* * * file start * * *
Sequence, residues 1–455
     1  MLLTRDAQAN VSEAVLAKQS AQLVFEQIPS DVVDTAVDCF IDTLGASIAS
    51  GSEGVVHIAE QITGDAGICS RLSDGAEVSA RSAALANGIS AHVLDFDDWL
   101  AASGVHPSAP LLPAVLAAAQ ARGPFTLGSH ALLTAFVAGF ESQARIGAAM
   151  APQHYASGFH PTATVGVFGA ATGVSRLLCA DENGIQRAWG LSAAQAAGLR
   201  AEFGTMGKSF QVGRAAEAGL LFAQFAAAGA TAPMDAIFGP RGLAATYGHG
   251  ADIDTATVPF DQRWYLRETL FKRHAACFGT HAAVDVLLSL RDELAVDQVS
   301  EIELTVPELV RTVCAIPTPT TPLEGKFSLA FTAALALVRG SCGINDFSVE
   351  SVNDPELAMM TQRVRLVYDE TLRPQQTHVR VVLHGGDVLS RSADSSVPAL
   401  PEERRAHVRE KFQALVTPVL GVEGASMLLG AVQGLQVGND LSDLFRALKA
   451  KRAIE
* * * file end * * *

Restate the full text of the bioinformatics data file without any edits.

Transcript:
Sequence, residues 1–455
     1  MLLTRDAQAN VSEAVLAKQS AQLVFEQIPS DVVDTAVDCF IDTLGASIAS
    51  GSEGVVHIAE QITGDAGICS RLSDGAEVSA RSAALANGIS AHVLDFDDWL
   101  AASGVHPSAP LLPAVLAAAQ ARGPFTLGSH ALLTAFVAGF ESQARIGAAM
   151  APQHYASGFH PTATVGVFGA ATGVSRLLCA DENGIQRAWG LSAAQAAGLR
   201  AEFGTMGKSF QVGRAAEAGL LFAQFAAAGA TAPMDAIFGP RGLAATYGHG
   251  ADIDTATVPF DQRWYLRETL FKRHAACFGT HAAVDVLLSL RDELAVDQVS
   301  EIELTVPELV RTVCAIPTPT TPLEGKFSLA FTAALALVRG SCGINDFSVE
   351  SVNDPELAMM TQRVRLVYDE TLRPQQTHVR VVLHGGDVLS RSADSSVPAL
   401  PEERRAHVRE KFQALVTPVL GVEGASMLLG AVQGLQVGND LSDLFRALKA
   451  KRAIE